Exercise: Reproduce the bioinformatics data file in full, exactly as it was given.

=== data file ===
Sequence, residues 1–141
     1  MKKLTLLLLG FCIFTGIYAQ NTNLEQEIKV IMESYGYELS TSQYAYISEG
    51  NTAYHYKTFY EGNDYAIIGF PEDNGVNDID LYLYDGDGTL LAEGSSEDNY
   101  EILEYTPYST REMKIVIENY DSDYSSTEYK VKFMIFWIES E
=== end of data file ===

Sequence, residues 1–141
     1  MKKLTLLLLG FCIFTGIYAQ NTNLEQEIKV IMESYGYELS TSQYAYISEG
    51  NTAYHYKTFY EGNDYAIIGF PEDNGVNDID LYLYDGDGTL LAEGSSEDNY
   101  EILEYTPYST REMKIVIENY DSDYSSTEYK VKFMIFWIES E